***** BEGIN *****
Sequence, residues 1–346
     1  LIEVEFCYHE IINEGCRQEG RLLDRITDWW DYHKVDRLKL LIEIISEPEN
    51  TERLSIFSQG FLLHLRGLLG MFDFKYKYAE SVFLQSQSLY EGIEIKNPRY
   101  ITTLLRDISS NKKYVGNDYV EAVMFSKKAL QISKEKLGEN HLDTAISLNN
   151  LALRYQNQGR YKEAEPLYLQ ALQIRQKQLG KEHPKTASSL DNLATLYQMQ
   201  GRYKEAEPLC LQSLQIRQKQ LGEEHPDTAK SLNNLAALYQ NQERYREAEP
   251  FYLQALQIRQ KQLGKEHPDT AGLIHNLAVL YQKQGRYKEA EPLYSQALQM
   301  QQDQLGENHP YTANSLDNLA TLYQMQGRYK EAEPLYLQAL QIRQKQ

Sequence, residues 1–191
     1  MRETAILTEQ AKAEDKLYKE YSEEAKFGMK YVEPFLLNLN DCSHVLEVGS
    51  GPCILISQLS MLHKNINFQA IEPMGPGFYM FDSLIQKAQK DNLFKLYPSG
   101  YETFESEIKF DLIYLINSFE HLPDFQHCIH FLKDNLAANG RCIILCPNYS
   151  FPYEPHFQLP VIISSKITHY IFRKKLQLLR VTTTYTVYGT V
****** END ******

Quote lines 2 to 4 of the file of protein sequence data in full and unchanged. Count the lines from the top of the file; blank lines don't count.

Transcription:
     1  LIEVEFCYHE IINEGCRQEG RLLDRITDWW DYHKVDRLKL LIEIISEPEN
    51  TERLSIFSQG FLLHLRGLLG MFDFKYKYAE SVFLQSQSLY EGIEIKNPRY
   101  ITTLLRDISS NKKYVGNDYV EAVMFSKKAL QISKEKLGEN HLDTAISLNN